Tuning oxygen vacancies in two-dimensional iron-cobalt oxide nanosheets through hydrogenation for enhanced oxygen evolution activity
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The oxygen evolution reaction (OER) represents the rate-determining step of electrocatalytic water splitting into hydrogen and oxygen. Creating oxygen vacancies and adjusting their density has proven to be an effective strategy to design high-performance OER catalysts. Herein, a hydrogenation method is applied to treat a two-dimensional (2D) iron-cobalt oxide (Fe1Co1Ox-origin), with the purpose of tuning its oxygen vacancy density. Notably, compared with Fe1Co1Ox-origin, the iron-cobalt oxide hydrogenated at 200 °C and 2.0 MPa optimized conditions exhibits a markedly improved OER activity in 1.0 M KOH (with an overpotential η of 225 mV at a current density of 10 mA·cm–2) and a rapid reaction kinetics (with a Tafel slope of 36.0 mV·dec–1). Moreover, the OER mass activity of the hydrogenated oxide is 1.9 times that of Fe1Co1Ox-origin at an overpotential of 350 mV. The experimental results, combined with density functional theory (DFT) calculations, reveal that the optimal control of oxygen vacancies in 2D Fe1Co1Ox via hydrogenation can improve the electronic conductivity and promote OH– adsorption onto nearby low-coordinated Co3+ sites, resulting in a significantly enhanced OER activity.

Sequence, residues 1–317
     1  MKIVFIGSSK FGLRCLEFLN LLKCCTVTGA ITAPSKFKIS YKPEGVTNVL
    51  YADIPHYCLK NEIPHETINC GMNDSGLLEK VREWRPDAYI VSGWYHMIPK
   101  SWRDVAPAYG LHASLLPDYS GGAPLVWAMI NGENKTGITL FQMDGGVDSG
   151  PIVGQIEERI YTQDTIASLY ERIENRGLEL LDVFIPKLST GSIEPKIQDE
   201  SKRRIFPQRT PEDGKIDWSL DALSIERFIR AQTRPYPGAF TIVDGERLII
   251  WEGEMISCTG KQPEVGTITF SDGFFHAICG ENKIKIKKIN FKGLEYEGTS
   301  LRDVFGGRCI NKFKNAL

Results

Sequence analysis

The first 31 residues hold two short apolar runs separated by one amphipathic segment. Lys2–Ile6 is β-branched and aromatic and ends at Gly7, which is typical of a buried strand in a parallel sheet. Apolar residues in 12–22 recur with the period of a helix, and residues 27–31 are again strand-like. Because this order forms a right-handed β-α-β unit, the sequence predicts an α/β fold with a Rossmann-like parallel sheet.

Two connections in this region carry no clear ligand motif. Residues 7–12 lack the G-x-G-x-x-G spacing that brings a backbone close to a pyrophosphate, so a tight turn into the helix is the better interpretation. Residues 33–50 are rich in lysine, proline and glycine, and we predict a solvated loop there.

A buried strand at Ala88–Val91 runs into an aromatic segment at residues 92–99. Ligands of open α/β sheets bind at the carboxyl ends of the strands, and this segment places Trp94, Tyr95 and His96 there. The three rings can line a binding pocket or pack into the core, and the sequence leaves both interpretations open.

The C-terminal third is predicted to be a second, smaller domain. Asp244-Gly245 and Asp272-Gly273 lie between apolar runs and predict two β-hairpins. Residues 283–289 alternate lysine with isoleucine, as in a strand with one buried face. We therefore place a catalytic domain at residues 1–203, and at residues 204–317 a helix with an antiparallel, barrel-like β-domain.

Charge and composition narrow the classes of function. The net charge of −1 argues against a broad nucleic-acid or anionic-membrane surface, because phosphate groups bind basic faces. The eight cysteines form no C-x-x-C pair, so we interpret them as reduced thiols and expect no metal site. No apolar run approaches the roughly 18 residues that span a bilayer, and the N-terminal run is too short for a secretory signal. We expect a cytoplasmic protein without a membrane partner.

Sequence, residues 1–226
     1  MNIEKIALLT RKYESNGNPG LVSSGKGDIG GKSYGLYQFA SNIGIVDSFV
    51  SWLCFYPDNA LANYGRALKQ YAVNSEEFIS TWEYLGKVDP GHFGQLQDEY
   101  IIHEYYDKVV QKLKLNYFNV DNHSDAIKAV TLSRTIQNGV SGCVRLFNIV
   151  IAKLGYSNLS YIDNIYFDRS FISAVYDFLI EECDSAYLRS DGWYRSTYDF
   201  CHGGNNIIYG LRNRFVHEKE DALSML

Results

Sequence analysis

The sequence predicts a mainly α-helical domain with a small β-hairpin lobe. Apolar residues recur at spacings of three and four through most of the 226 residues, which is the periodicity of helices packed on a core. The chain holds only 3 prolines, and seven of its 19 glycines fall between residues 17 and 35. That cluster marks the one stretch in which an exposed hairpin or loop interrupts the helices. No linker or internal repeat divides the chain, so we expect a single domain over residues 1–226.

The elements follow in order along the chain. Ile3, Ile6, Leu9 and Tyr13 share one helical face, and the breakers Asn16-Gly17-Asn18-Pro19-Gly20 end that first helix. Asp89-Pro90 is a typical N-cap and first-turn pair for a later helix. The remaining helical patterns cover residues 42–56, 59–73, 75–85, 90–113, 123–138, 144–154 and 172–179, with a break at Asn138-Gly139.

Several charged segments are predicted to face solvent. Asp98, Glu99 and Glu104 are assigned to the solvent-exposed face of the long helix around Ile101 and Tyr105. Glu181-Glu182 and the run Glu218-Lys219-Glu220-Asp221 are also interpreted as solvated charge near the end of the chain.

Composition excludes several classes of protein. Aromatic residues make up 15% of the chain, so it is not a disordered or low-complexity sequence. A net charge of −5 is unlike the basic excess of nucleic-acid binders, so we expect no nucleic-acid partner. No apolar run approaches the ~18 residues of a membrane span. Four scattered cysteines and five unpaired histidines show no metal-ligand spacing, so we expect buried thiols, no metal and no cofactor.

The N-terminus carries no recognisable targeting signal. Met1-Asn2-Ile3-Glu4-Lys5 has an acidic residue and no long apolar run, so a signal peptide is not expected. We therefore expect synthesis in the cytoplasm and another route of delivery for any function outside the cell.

Keywordshydrogenation tuning oxygen vacancy oxygen evolution reaction
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The financial support from ARC is highly appreciated, through ARC Discovery Project (No. DP170103317), ARC Future Fellowship (No. FT120100720) and ARC Discovery Early Career Researcher Award (No. ARC DE180101030). L. Z. Z. acknowledges the support from International Postgraduate Research Scholarship (IPRS) and UQ Centennial Scholarship (UQCent). The authors acknowledge the scientific and technical assistance of the Australian Microscopy and Microanalysis Research Facility at the UQ Centre.
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